- If possible, identify a space that can be used to isolate staff or participants who may become ill at the event
- Develop ﬂexible refund policies for participants
Onsite Event Operations
- Do not provide community beverage coolers. Suggest participants bring their own, or have water available in opened cases, but not chilled. Recommend no use of coolers as the touching of cooler lids can cross-contaminate.
- Use disinfecting wipes or disinfectant spray and disposal towels to wipe down equipment, supplies, shared work areas and surfaces between uses, shift changes and frequently throughout the day.
- Close events to spectators.
- Ensure there are plenty of hand washing stations in and around the facility, including permanent restrooms and rented, portable handwashing stations.
- Communicate ahead of the event to participants with details on additional precautions that the Region is taking. Encourage participants to come prepared to protect themselves and their equipment.
- Each specialty location should be equipped with appropriate disinfectant, hand sanitizer, etc. Disinfect areas during any staffing changes.
- Wipe down T&S areas including computers/mice between heats. Offer masks to close-quarter workers.
- Use baggies to transport disinfected equipment, supplies to corner stations and other specialty locations. Disinfect after use.
- For indoor specialty areas like Registration, Timing & Scoring and Race Control—do not sit right next to each other. If space permits, leave at least a chair-width, preferably more, between people.
- If registration is held indoors, limit the number of people permitted inside in lines.
- Registrars should not handle membership cards. Have member hold it up and visually check validity.
- Have wristbands or event credentials on a table for participants to pick up, or have registrar just hand it to the participant to put on.
- Do not handle waiver clipboards. Have waivers sitting in a place accessible by the participant. Have them sanitize their hands before touching the pen or disinfect the pen after they use.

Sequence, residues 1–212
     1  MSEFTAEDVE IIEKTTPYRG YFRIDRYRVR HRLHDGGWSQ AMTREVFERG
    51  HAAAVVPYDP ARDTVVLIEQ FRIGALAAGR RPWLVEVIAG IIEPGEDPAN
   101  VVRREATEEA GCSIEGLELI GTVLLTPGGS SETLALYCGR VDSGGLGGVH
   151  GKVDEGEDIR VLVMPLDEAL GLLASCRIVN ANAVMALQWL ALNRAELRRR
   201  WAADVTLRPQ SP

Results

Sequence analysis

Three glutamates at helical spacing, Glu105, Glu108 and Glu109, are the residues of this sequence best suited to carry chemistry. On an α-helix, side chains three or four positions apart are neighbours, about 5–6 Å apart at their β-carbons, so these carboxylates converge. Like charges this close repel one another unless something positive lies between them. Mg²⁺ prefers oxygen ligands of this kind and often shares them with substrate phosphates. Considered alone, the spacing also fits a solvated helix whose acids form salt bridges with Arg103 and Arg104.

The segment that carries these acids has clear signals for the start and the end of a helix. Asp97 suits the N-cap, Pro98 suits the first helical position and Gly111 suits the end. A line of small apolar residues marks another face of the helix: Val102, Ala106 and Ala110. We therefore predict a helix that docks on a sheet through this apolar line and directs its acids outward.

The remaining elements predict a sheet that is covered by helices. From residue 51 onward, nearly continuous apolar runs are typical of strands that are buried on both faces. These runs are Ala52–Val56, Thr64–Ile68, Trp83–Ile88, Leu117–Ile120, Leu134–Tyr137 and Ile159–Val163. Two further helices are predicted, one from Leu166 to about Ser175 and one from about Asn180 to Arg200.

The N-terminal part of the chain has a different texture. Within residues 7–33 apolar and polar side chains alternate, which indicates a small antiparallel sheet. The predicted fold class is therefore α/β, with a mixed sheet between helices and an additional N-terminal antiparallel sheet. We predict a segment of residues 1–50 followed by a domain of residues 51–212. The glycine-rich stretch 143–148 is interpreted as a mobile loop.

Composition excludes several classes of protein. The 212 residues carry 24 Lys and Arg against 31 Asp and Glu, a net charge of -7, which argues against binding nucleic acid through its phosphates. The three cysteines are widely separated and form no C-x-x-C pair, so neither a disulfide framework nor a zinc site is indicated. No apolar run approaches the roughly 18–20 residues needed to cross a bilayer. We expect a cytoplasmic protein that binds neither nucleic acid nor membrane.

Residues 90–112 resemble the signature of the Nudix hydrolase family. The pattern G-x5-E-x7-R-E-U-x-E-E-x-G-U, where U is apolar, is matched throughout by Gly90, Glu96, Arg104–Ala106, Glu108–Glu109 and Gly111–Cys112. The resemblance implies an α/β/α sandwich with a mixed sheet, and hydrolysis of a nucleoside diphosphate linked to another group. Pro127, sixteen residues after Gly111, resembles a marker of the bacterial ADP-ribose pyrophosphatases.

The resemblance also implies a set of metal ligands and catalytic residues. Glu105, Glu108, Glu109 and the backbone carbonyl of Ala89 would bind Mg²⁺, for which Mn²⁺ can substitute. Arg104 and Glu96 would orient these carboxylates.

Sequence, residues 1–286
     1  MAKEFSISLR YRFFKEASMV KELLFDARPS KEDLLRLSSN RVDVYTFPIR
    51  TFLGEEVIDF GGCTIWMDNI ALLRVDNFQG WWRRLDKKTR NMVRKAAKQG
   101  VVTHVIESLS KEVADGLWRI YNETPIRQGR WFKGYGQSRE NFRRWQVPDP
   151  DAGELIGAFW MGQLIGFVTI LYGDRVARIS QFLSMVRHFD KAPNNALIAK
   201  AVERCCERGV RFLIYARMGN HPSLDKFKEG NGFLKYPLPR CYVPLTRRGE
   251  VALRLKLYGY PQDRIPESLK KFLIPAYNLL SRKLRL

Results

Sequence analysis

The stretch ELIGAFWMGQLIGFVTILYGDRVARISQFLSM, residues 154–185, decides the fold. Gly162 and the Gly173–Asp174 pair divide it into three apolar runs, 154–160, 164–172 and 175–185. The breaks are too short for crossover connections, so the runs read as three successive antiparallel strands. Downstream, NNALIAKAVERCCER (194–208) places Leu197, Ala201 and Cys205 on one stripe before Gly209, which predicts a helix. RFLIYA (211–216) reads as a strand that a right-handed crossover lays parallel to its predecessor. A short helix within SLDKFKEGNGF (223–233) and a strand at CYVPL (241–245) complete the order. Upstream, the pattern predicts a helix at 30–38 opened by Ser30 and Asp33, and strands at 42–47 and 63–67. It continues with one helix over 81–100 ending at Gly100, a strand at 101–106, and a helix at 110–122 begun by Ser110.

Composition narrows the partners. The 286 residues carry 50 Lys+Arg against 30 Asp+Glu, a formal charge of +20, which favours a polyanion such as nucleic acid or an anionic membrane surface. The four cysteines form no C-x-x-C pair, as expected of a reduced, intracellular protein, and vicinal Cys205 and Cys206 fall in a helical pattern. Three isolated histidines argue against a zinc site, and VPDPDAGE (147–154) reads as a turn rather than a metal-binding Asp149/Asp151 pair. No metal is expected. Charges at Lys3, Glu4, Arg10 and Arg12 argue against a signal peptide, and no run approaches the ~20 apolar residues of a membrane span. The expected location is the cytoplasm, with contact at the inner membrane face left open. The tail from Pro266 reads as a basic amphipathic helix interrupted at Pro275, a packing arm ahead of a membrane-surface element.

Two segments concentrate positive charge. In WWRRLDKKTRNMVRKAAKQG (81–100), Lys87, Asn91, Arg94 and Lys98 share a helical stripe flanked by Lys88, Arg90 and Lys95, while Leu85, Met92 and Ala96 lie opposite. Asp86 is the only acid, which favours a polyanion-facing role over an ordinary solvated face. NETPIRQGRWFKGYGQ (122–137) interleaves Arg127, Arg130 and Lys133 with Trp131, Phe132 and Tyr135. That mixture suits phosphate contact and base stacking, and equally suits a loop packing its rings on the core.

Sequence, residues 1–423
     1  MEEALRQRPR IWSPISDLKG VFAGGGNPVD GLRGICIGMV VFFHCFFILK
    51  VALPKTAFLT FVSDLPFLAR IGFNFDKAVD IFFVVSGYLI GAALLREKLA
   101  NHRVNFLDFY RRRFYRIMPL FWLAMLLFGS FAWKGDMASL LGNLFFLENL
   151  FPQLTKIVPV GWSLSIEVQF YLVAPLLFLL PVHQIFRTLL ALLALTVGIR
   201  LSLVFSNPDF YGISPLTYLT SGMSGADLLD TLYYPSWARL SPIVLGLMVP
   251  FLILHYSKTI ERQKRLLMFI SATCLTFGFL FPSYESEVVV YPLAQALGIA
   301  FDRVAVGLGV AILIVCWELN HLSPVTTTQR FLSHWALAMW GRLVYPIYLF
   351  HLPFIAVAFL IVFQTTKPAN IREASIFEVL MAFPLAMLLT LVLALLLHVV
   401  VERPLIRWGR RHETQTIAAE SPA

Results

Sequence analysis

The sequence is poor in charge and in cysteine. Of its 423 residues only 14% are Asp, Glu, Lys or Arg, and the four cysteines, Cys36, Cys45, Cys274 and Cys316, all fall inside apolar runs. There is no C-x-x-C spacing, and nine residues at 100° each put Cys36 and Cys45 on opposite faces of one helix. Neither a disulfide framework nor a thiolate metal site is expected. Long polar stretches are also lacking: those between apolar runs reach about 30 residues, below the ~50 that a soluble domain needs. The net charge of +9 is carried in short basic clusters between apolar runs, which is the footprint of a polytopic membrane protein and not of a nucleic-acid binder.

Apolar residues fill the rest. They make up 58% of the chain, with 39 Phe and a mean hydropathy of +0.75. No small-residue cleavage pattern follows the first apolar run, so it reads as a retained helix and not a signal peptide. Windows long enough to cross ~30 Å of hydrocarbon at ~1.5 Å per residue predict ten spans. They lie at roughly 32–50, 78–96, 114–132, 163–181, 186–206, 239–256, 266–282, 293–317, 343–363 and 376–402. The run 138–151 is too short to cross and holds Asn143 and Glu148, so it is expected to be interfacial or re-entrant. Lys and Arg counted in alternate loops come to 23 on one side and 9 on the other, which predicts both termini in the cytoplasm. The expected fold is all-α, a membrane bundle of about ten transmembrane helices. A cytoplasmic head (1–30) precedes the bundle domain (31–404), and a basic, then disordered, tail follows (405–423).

- Self-tech w/oversight. Have driver perform functions to verify equipment where possible; wear nitrile gloves* (nitrile preferred to latex due to allergies).
Driver & Worker Meetings
- Conduct all driver and worker meetings outside or broadcast over PA system, FM radio station and/or via email.
- Suspend social aspects of the event, i.e. trophy presentations, meals, etc.
- Worker Lunches – pre-assemble lunches for a grab & go service
- If a participant dinner is provided, have the food served and provide To-Go containers so people may take it back to their camping and paddock areas.
- Discourage eating in indoor/enclosed locations
- Limit physical contact. Refrain from hugs, handshakes and high-fives.
*Note: The CDC has not made a recommendation for the public to wear disposable gloves in order to protect against COVID-19. If disposable examination gloves are worn, recommended hand hygiene procedures must still be followed before putting gloves on and after removing them. Avoid touching your face, eyes, nose and mouth. Gloves should be changed as often as you would wash your hands. Gloves rip easily and are not durable for long wear. Gloves provide a new surface for COVID-19 to inhabit and may not reduce the spread.